Disco Hospital I adored, I thought it set just the right tone. It's absurd and shonky and bizarre, as it's been tripping for an hour already! It's all Sleazy's work as far as I can recall. The chopped-up tape stuff is him, and he did that obscenely chirpy keyboard line as well.
"Teenage Lightning 1"/"Teenage Lightning 2"
A huge buzz to work on, a really pleasurable part of the album. Being an early Roxy Music obsessive, I always wanted us to get the VCS3 out of the cupboard if possible: Jhon and I did two takes of guitar through the VCS3 synthesizer; on one take I played guitar and he twiddled the synth, and on the other take vice-versa. I think the basis for the track came out of discussions we had about the limitations of what people were starting to call ‚Äòdance music‚Äô, and how we wanted to involve Latin rhythms, not just a boom-boom-boom-boom four-four beat.
The guests are good, Annie Anxiety and Charles Hayward were both vital to it. Annie came through Geff and Sleazy, I'm not sure how they first met but they knew each other already. She asked for a bottle of Tequila, and that's how she worked her way into the role she plays on the piece. All gone by lunch-time! I suggested we approach Charles. I think Geff and Sleazy were a bit wary of him because he was regarded as a bit of a ‚Äòlefty‚Äô but I pushed for him because I thought This Heat were so incredible. Geff loved some This Heat too, especially things like "24-Track Loop," and we would both listen to the Health & Efficiency 12" at maximum volume round at Beverly Road. Sleazy wasn't so sure. Then Charles came in, marched into the drum booth, set up, and started pounding and racing around the kit, at which point Sleazy was beaming. He started sampling him on the fly, which is where the drum loops for ‚ÄòScope‚Äô (from the Shock Records 7") came from.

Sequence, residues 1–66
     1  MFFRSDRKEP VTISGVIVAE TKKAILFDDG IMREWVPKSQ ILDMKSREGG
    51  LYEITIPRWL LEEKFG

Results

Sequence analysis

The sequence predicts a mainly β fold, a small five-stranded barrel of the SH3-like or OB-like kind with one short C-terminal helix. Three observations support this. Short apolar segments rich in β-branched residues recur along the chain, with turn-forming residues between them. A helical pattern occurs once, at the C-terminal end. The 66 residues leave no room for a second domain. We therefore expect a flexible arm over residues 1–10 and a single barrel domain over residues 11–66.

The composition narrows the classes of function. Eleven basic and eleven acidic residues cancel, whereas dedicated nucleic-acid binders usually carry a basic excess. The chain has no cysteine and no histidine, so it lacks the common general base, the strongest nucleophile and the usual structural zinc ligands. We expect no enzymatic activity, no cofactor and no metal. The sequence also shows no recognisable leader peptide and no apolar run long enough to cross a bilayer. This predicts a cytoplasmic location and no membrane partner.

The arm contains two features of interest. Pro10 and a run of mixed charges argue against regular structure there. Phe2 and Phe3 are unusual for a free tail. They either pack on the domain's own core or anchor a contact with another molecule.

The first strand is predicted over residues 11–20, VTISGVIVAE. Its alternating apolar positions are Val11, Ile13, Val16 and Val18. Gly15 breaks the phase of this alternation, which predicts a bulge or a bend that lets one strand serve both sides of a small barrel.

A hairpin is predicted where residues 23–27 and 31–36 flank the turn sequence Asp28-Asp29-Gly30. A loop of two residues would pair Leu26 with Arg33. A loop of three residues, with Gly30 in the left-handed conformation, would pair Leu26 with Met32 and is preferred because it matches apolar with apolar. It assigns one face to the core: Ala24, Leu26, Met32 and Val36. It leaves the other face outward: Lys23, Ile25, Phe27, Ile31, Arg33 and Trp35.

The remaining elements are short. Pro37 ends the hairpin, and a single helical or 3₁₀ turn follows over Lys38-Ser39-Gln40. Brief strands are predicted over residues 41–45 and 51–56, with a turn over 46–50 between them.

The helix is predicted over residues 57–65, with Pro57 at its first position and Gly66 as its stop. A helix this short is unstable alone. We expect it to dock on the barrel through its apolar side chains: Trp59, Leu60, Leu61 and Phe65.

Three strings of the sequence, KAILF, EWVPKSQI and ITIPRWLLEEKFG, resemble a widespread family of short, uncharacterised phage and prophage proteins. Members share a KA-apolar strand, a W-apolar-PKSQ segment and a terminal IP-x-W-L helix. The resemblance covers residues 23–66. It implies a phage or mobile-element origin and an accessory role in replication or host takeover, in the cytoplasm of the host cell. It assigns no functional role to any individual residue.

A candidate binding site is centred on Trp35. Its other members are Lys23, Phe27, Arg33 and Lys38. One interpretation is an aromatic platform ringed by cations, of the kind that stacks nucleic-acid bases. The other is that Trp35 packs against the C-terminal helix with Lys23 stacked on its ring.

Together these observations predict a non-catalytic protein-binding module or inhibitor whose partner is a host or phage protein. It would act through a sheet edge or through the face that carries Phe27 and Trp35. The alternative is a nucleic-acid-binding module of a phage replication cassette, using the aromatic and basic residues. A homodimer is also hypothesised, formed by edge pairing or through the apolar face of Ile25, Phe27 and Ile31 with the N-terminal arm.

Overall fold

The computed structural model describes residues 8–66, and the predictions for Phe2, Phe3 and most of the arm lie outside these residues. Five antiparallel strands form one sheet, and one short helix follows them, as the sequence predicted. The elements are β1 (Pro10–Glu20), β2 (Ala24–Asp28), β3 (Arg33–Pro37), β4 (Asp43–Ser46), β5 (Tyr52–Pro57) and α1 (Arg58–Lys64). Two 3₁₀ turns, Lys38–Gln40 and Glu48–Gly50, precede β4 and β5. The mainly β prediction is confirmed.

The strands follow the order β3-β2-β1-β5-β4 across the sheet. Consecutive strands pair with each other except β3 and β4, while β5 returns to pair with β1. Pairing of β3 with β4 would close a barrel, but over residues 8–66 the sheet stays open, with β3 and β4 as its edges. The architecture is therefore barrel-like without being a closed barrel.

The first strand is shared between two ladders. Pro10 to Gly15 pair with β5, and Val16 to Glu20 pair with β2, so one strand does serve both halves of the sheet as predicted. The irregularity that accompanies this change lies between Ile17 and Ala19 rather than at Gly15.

I was a bit of a curmudgeon about¬† it. A session guy from the studio next door came through while we were mixing it and said, being very friendly, wow this is cool, would you like a little keyboard soloing on it? Geff and Sleazy were on ‚ÄòE‚Äô, I think he may have been smoking. So they said yes and he did this very accomplished sort of jazz-fusion keyboard solo that fitted perfectly. Nothing against the guy, but I wasn't in that space really, that sort of 'hey, we're all on drugs guys, this sounds mellow, how about if I jam with you?‚Äô vibe. I thought the session players next door ought to have been closing their doors to blot us out! I was gunning for speed a lot more than ‚ÄòE‚Äô and of course it's a very different head space. I think his is the best bit, these days.
"Where Even the Darkness is Something to See"
One of Sleazy's sly surprises... he just pulled this alternate take out of the air, using what was then brand new time-stretching software to create that ‚Äòwading through heavy atoms‚Äô feel at the end.
My windows are too smeary...
"Further Back and Faster"
This was both a hug